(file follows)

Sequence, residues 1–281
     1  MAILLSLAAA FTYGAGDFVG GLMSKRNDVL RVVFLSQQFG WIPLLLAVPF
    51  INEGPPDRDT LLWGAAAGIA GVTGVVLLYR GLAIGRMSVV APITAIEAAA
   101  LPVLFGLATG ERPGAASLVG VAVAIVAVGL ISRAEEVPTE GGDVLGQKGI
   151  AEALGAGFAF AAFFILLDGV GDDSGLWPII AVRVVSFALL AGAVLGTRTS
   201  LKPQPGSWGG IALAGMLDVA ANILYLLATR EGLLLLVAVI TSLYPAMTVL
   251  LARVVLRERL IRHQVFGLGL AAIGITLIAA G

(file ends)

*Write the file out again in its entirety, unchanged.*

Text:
Sequence, residues 1–281
     1  MAILLSLAAA FTYGAGDFVG GLMSKRNDVL RVVFLSQQFG WIPLLLAVPF
    51  INEGPPDRDT LLWGAAAGIA GVTGVVLLYR GLAIGRMSVV APITAIEAAA
   101  LPVLFGLATG ERPGAASLVG VAVAIVAVGL ISRAEEVPTE GGDVLGQKGI
   151  AEALGAGFAF AAFFILLDGV GDDSGLWPII AVRVVSFALL AGAVLGTRTS
   201  LKPQPGSWGG IALAGMLDVA ANILYLLATR EGLLLLVAVI TSLYPAMTVL
   251  LARVVLRERL IRHQVFGLGL AAIGITLIAA G